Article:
Quite aside from the raw numbers, this feels sensible. As Källenius says, the business case for a deeper focus on electrification is “improving” all the time, with governments constantly prodding manufacturers towards a greener tomorrow. Customers are having a say too: in June, a full 71% of Americans reported an interest in buying an electric vehicle. And beyond the financials, Källenius suggests his firm has altruistic reasons to act too. “There is, of course, also an ethical dimension here,” he stresses. “The role of companies as social actors is becoming ever more important. It’s essential to also take into account the accompanying circumstances of business decisions. And rightly so.”

Electric wheel

At first glance, the Vision AMG looks much the same as any other Mercedes-Benz. For starters, there isn’t an angle in sight. Rather, the car’s lines flow like butter around the chassis of the car, windscreen and bumper blurring seamlessly together. Look under the bonnet and everything feels very Mercedes too. Boasting fancy axial flux motors, the car will pack a punch every bit as strong as iconic cars like the SL 65 or the SLR McLaren.

Altogether, though, the Vision AMG nonetheless promises to be a class apart – as a fully electric car. Nor is the Vision, due to go on sale in 2025, by any means alone. As part of its broad thrust towards a new electric future, Mercedes-Benz is developing a raft of other petrol-free vehicles, encompassing everything from hatchbacks to vans. Though he’s clearly excited about these developments, Källenius is similarly eager to stress that the plush sophistication that brought Mercedes even to the banks of the Congo isn’t going anywhere. “I can promise you,” he says, “that an electrified Mercedes-Benz will have all of the qualities and features you love about our combustion engine cars: outstanding design, cutting-edge technology, maximum safety and exceptional driving performance. Plus, they will also have the latest software and digital technology. In short, in the electric era we will continue to build the world’s most desirable cars.”

In part, this confidence is probably down to how Mercedes develops new models, a philosophy which elegantly blends traditional sports cars and the glamour of the racing track. A case in point is the Mercedes- AMG ONE. Taking the power unit of a Formula One car – recall that Lewis Hamilton won six out of his seven championships in a Mercedes – Källenius and his team have integrated it into a road car. And though only 275 Mercedes-AMG ONE’s are due to be built, the scheme is certainly more than a mere vanity project. Thanks to its partnership with the Mercedes F1 team, and in particular the latter’s familiarity with electric engines, Mercedes-Benz was able to prototype another sports car that travelled all the way from Stuttgart to Silverstone on a single battery charge.

Not that everything can be achieved by leaning on Mercedes-Benz’s racing heritage. As Källenius concedes, supply chain issues continue to take up a substantial chunk of his time, with the CEO noting that an ongoing shortage of semiconductors, vital everywhere from air-conditioning systems to touchscreen platforms, is proving especially troublesome. To solve that particular challenge – partly precipitated by lockdowns in China and partly by broader labour shortages – Källenius suggests his firm could one day partner with a major tech company to “shape the next generation of processors together”. And though no agreement has yet been reached, a stronger relationship with a Samsung or an Intel doubtless makes sense, if nothing else given how important these chips are to ensuring Mercedes-Benz’s new fleet of electric vehicles run smoothly.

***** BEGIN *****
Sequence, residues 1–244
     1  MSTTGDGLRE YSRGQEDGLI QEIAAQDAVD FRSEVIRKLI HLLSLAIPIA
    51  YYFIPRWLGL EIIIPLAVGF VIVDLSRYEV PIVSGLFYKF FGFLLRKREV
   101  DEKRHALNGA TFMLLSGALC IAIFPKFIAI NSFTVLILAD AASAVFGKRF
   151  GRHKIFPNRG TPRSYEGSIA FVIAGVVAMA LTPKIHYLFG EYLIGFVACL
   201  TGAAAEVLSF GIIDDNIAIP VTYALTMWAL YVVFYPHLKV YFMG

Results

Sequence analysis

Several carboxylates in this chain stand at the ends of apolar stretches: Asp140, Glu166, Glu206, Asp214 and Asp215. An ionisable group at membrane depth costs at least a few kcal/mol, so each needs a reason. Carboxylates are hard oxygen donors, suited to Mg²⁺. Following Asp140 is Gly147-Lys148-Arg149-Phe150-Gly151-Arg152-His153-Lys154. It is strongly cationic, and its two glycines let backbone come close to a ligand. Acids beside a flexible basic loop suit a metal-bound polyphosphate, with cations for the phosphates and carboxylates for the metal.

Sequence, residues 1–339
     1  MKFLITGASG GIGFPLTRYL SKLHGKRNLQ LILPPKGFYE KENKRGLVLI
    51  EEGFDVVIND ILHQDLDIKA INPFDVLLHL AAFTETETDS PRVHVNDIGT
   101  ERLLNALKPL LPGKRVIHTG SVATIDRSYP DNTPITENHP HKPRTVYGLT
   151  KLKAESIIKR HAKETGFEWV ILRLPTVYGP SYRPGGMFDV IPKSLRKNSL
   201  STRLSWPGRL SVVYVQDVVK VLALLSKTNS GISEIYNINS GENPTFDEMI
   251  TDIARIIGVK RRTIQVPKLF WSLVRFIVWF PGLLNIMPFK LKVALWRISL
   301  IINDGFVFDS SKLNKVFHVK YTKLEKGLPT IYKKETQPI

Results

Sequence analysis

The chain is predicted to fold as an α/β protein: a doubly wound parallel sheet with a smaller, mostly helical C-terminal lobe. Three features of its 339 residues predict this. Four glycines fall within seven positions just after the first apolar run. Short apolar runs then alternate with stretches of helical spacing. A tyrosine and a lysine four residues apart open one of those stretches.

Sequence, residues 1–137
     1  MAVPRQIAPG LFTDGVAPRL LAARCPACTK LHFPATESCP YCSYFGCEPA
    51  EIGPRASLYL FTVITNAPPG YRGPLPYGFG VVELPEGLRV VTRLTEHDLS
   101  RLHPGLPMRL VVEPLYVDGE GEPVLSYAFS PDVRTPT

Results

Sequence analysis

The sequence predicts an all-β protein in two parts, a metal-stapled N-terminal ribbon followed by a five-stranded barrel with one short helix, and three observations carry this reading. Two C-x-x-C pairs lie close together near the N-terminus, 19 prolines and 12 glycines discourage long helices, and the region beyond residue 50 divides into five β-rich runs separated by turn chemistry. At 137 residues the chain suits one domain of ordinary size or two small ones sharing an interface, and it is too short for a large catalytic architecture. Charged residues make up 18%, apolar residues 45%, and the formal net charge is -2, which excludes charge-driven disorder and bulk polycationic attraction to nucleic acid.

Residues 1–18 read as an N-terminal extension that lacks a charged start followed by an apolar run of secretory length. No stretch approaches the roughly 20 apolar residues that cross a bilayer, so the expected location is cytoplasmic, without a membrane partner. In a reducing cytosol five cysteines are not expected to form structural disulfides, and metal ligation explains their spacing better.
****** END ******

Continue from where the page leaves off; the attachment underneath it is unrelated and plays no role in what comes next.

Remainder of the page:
In a similar vein, Källenius is equally conscious about what the semiconductor shortage could say about the wider economic climate. Mercedes-Benz itself may be firmly in the black, but between the looming risk of a global recession and the challenges posed by a deglobalising world, Källenius understands how fragile the world economy currently is. Especially given the global nature of Mercedes-Benz as a firm, at any rate, he believes it’s worth fighting for.

The Vision AMG is due to go on sale in 2025 and promises to be a class apart from other
electric vehicles.

“Globalisation has led to impressive growth during the past decades,” he argues. “And we would regress if each country were to operate for itself in the future. We should therefore defend globalisation, examine where it has its weaknesses and where more security or new sources are needed along the supply chain.” Like its broader march to the electrical uplands, technology is crucial here. In October, to give one example, Microsoft and Mercedes inked a deal to use big data to sharpen efficiency across 30 of the manufacturer’s plants.

Car and collected

As this relationship with Microsoft implies, Källenius is presiding over a range of internal reforms, even as Mercedes transforms the cars it markets to the public. As so often, Covid-19 has proved a lively catalyst, with Källenius explaining how he’s gone from spending half his working life on business trips to running a “global business from home.” That’s a shift shadowed by how he approaches his colleagues. Empowering staff and giving them the independence to make business decisions is fundamental to how Källenius runs his business – though, as he says, “greater freedom goes hand-in-hand with greater accountability”.

That’s presumably true for the man himself as well. Mercedes-Benz may currently be performing well – it has plans to bolster software development even as e-mobility soars – but Källenius admits that the pressures of the job can sometimes be daunting. Lucky, then, that he can find time to unwind beyond his Stuttgart office. Apart from being an enthusiastic F1 fan, he also enjoys a range of American sports. “In my youth I tried my luck as quarterback,” he jokes, “but quickly learned that I should focus on academics.” Like so many CEOs, moreover, family is a vital crutch here, with Källenius noting that he’s enjoying spending time with his wife now that the kids have flown the nest. A nice image, even as his company builds status symbols for a new generation, and the Boma wreck lies testament to how far they’ve all come.